The papers to prove it's natural

Organic: New federal regulations for certified growers create more work and mixed feelings.

October 21, 2002|By Sandy Alexander | Sandy Alexander,SUN STAFF

Organic farmer Ghassan Neshawat has withstood the bugs, the birds, the weeds and the drought - he is not going to let the federal government get him down.

Starting today, Neshawat and thousands of other natural farmers throughout the nation won't be allowed to call the food they sell "organic" unless they meet a complex set of federal standards on how it is grown and packaged.

Organic growers - many of whom left mainstream farming for what they see as healthy, environmentally friendly, community-based alternatives - are facing this bureaucratic challenge with decidedly mixed feelings.

They recognize that their business - with sales that have grown 15 percent to 20 percent each year since 1990, according to the U.S. Department of Agriculture - can benefit from regulation.

But the new paperwork is another burden on a job that is hands-on and labor-intensive. And national standards could help corporate producers muscle into an area that has belonged to smaller operations.

Significant numbers of small farmers elsewhere in the country are opting out of organic certification, fed up with the extra work for what they see as little likely reward.

But in Maryland, Neshawat and most of the state's approximately 80 natural farmers have decided to face the bureaucracy, hoping to stake out their share of the growing organic market.

This was Neshawat's second year of farming with his wife, Taghrid, on a few of their 17 acres in the Howard County area of Glenwood. After years in a stressful job administering ultrasound tests, he decided to pass up an offer from a developer and instead use his land to earn a living.

The new USDA rules have been "a challenge for me," Neshawat said. He recalled how - after a year of trial, error and learning - he had to study all over again to get a handle on the new program. "Even now, I don't think I know all the rules and regulations," he said.

Baltimore County farmer Jack Gurley said he recognizes the hurdles but believes they are worth clearing.

Gurley and his wife, Rebecca, own Calvert's Gift Farm in Sparks and grow organic produce on 5 acres. Their niche vegetables are sold to restaurants, at markets and through a subscription service.

With a national certification program backing up the organic label, consumers can be more confident about what they are getting and farmers can benefit from increased awareness and demand, Gurley said.

"I think there will be a lot more recognition of what organic is," said Gurley, who is chairman of the Maryland Organic Food and Farming Association. His wife serves on the Maryland Organic Certification Advisory Committee.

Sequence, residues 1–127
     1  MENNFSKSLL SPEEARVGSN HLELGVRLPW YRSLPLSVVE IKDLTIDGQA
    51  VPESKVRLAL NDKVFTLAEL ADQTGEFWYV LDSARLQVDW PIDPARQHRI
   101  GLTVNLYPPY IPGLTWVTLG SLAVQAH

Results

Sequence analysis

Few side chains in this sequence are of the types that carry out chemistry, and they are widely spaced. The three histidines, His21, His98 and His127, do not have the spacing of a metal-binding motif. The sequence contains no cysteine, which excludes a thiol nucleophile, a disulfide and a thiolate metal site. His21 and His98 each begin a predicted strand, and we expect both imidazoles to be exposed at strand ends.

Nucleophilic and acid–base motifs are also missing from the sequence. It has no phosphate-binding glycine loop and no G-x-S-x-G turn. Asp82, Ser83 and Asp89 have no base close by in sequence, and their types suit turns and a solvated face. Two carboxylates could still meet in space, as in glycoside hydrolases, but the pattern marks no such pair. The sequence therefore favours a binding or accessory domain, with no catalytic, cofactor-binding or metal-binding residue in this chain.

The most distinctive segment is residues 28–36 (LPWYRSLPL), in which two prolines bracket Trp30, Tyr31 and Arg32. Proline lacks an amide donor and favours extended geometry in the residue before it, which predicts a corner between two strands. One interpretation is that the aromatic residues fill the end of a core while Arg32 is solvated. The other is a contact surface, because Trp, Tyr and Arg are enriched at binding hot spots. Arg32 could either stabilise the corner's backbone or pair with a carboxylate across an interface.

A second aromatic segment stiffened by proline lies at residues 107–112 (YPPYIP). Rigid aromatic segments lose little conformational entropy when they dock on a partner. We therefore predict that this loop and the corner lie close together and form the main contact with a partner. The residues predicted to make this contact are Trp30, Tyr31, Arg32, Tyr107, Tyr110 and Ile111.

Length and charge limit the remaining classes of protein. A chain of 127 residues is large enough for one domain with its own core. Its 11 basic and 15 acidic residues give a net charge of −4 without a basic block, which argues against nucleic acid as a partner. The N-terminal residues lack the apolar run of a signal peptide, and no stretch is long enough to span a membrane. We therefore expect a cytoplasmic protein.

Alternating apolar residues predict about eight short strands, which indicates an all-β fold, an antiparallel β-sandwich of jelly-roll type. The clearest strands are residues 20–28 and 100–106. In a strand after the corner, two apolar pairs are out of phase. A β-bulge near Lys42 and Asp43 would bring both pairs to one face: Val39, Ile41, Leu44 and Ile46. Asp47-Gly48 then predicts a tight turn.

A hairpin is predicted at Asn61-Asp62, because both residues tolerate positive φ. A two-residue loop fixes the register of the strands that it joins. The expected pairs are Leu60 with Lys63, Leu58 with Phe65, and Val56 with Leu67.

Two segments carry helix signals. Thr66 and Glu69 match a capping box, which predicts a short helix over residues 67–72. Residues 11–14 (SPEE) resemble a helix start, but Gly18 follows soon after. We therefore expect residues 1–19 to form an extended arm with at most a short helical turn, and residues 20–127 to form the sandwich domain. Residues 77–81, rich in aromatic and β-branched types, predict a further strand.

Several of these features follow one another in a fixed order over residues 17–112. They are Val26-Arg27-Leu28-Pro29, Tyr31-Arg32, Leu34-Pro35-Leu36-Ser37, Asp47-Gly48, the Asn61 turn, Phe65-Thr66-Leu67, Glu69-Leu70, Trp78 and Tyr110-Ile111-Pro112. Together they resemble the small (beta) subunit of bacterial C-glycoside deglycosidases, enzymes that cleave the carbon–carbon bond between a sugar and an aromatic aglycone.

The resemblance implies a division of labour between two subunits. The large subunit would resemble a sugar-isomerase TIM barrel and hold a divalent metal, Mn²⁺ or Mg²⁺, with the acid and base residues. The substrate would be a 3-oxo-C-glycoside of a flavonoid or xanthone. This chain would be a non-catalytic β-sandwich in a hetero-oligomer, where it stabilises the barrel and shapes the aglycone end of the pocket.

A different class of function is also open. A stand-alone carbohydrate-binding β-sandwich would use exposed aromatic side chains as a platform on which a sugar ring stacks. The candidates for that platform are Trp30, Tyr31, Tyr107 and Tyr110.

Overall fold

More people are recognizing organic foods. The USDA says organic farming is one of the fastest-growing segments of agriculture in the nation, with sales that climbed to $6 billion in 1999. That number was $2.8 billion in 1995, according to Natural Foods Merchandiser, a trade publication. Organic farming has attracted 12 percent more growers each year, federal farm economists estimate.

The move toward more formal regulation began in 1990 with the passage of the Organic Foods Production Act. That started a decade-long process of detailing the methods, practices and substances acceptable for growing and handling organic crops and livestock. After much public debate, such techniques as genetic engineering, radiation and using sewage sludge for fertilization were ruled out.

Farms that make less than $5,000 from organic products are exempt from the certification process, but they are expected to follow the rules.

In Maryland, the federal system replaces a state program that offered use of the word "certified" to farmers who met certain standards. Maryland has certified produce for the past 10 years and livestock for two. Maryland, along with several other states, has been accepted as an official federal certifying body, while private and nonprofit groups take up the chore elsewhere.

Having had state regulation gives some Maryland organic farmers a head start with the new system. But keeping the federal records will clearly be more of a challenge.

The application for federal certification is 20 pages, not counting addenda, maps or supporting documents, said Jim Hanson, an economist with the University of Maryland's cooperative extension program. An inspector then goes to the farm, fills out another 13 pages, and takes soil and crop samples.

Throughout the year, there will be more paper: The goal is to keep track of what substances are being used, how compost is handled, where seed is bought and how food is stored every step of the way.

Some of the pesticides that were once considered acceptable for use on organic farms are no longer on approved lists, Neshawat said. He used to be allowed to buy untreated seeds; now they have to be fully organic - unless fully organic seeds are unavailable, which must be documented with records of telephone calls to seed companies.

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